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Sunday, July 15, 2012

Movie Digest # 086

Movie Center - Montevideo Shopping, Sala 6, May 3, 8:05pm

This is Roman Polanski’s film adaptation of the Tony and Laurence Olivier-award winning play by Yasmina Reza. Aside from the first and last sequence, everything in the film is devotedly stagey. Having said that, the thrill solely relies on the four performer (really big names, I would say), namely Christoph Waltz, John C. Reilly, Jodie Foster and Kate Winslet. As for the four, I like Kate Winslet the most. She pulls off the poised and very modern-day mom character without crossing the line. Jodie Foster does the opposite. I can see that she’s trying very hard in those parts that require her to face her neurosis. It just doesn’t sit well for an intelligent actress like her. Somebody should have reminded her that the play is, first and foremost, a comedy. An icon in Philippine theater suggested Emma Thompson for the character and I couldn’t agree more.

Friends who might appreciate it: Those who are watching the Manila staging soon.

Movie Center - Montevideo Shopping, Sala 8, May 4, 10:25pm

Given the list of Oscar nominees this year for Best Actor, I have to join the clamor that Michael Fassbender should have been included in the short list. His reckless take on Brandon, a sex addict, is consistently lost and soulless. But if there’s another performer who really stands out, for me it is Carey Mulligan who played Brandon’s sister Sissy. She owns every scene she’s at and makes a striking contrast, more of burdensome, to her brother. In one uncut sequence, she sings “New York, New York”. At first, I was wondering why the whole performance was included until the potential commentary on immigrants relocating to a dog-eat-dog world like New York City dawned on me. Maybe it’s the city that turned Brandon into a monster. His sister even declared at one point that they become distant. Steve McQueen did a great job in infusing quiet long takes to a snooping topic like sex addiction. The viewers are given space to absorb the weight of it and try to empathize with Brandon. I just wish that there are more scenes of self-destruction other than the part where the protagonist skips work to attend to his demons.

Friends who might appreciate it: Those who can figure out why Michael Fassbender is always given a heartless and soulless character and still able to get laid.

Movie Center - Montevideo Shopping, Sala 4, May 11, 10:00pm

Another Hollywood film based on a Hasbro merchandise that probably originates from that paper-and-pen guessing game that I used to play when I was a kid. I don’t remember getting hooked with the game and so with the film. It’s the usual formula and predictably predictable. Not so impressive, too, in the acting department given that the great Liam Neeson provides support in some unimportant scenes. There’s a sequence in there that runs for about a minute that best reminds me of the game but that’s about it. Not so bad concept, though.

Friends who might appreciate it: Rihanna’s fans.

Greenbelt 1, Cinema 2, May 27, 9:20pm

It’s the nth time that Star Cinema is crapping its followers with rom-coms like this one. Sometimes I don’t mind, especially if the director is Cathy Garcia-Molina (probably the best we currently have in mainstream cinema), but this Piolo Pascual – Angelica Panganiban starrer is just pointless. It nearly made a point though when the film suggests a shade of dark comedy (the male character’s ex-girlfriend’s brothers’ murder attempt) but it seems determined to deliver an all-out romantic comedy where the film company is always associated with. If there’s one thing that the film has proven, more of sealed, it is the notion that Angelica Panganiban is a fine and versatile actress.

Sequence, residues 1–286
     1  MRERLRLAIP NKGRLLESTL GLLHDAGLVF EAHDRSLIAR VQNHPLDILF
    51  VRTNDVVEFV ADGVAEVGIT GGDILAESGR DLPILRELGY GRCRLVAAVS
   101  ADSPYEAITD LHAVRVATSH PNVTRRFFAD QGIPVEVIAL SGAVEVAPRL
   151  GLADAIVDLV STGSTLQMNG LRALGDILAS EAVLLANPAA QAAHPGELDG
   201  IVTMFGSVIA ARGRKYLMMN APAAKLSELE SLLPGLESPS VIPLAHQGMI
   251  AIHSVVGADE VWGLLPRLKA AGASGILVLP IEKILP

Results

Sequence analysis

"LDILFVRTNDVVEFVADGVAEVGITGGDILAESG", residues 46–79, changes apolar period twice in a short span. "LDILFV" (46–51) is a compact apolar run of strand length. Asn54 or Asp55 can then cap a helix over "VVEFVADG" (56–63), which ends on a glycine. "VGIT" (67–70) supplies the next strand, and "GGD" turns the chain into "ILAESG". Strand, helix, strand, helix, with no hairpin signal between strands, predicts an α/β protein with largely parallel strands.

Friends who might appreciate it: Those who can hold their breath for about one hour and a half.

Newport Mall, Cinema 4, June 2, 12:30am

There are countless ways why I ended up declaring this film as one of the worst Pinoy rom-coms I’ve seen in my entire life. First, we all know that Coco Martin is a very capable actor (as proven by his body of work and awards he got from it) but as Rodel Nacianceno, it’s a hit and miss. I don’t know if he’s the one to point a finger at as credited in “Story by”, but there’s something suspicious on how the film ends. Maybe he wanted to try a role that he hasn’t tried before and that prompted the writers to devise that overly dramatic dénouement. Secondly, there’s the Star Cinema factor. Meaning, the film has to please its poor followers with its commonly used and occasionally forced chemistry from the two leads. I have to admit though that the scene in the railroad is a bit cute. Then there’s the promise from Jerome Chavez Pobocan who has done a lot of engaging teleseryes like the “Mara Clara” reboot and the localized “Nasaan Ka, Elisa?” that looks hindered by the studio system. That breakdown scene synonymously called unloading of excess baggage in theater-speak is segued by another character’s attempt to pick up a bag. Just clever. At least the director has confirmed that Angeline Quinto, for a first-timer, is not bad an actress at all.

Friends who might appreciate it: I’ll pass.

Greenbelt 3, Cinema 4, June 3, 5:30pm

It’s one of those films that I catch in cinemas with zero expectations. Well, maybe at least for make-up as it once beat “Titanic” during the Oscars some years ago. True to form, the film is still a delight to see especially those scenes that involve the aliens. There are dragging moments that surprisingly made the movie more likeable than I expected. The time travel part is a little corny but having to introduce the underrated Josh Brolin as the young Tommy Lee Jones (Agent K), I couldn’t complain.

Friends who might appreciate it: Safe to say, those who have seen the first two installments.

Movie Center - Montevideo Shopping, Sala 1, June 9, 7:25pm

It’s flawed all over. For instance, the world where the film is set is suggestively magical but how come only the queen possesses some superpowers? And yes, trusting Kristen Stewart for the lead role is a flaw on itself. Charlize Theron looks like a far better Evil Queen than Julia Roberts but the CGI sometimes overshadows her. The reimagining of the dark forest is commendable though.

Friends who might appreciate it: Kids should stick to the fairy tale.